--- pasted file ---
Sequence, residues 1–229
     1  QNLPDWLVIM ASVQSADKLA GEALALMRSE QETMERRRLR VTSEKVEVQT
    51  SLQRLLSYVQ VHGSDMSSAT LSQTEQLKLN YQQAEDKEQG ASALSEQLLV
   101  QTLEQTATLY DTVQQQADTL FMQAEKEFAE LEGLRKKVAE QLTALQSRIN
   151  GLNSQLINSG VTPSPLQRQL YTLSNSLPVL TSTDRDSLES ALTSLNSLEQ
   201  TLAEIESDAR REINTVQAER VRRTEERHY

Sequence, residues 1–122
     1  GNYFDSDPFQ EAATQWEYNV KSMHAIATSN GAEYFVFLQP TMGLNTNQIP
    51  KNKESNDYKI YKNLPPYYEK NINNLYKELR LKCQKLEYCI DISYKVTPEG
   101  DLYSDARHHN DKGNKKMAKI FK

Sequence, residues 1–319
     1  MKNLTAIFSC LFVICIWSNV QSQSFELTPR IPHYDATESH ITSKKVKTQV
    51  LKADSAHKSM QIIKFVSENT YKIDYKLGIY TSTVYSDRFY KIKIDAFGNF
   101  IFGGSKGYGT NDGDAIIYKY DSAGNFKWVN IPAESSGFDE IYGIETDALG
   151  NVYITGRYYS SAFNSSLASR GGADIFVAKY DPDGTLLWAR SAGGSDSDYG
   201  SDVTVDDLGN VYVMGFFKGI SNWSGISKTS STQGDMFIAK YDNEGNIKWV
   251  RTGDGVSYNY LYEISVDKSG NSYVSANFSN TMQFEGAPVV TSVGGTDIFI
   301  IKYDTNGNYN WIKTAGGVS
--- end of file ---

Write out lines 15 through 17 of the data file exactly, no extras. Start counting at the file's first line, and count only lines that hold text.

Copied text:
   151  NVYITGRYYS SAFNSSLASR GGADIFVAKY DPDGTLLWAR SAGGSDSDYG
   201  SDVTVDDLGN VYVMGFFKGI SNWSGISKTS STQGDMFIAK YDNEGNIKWV
   251  RTGDGVSYNY LYEISVDKSG NSYVSANFSN TMQFEGAPVV TSVGGTDIFI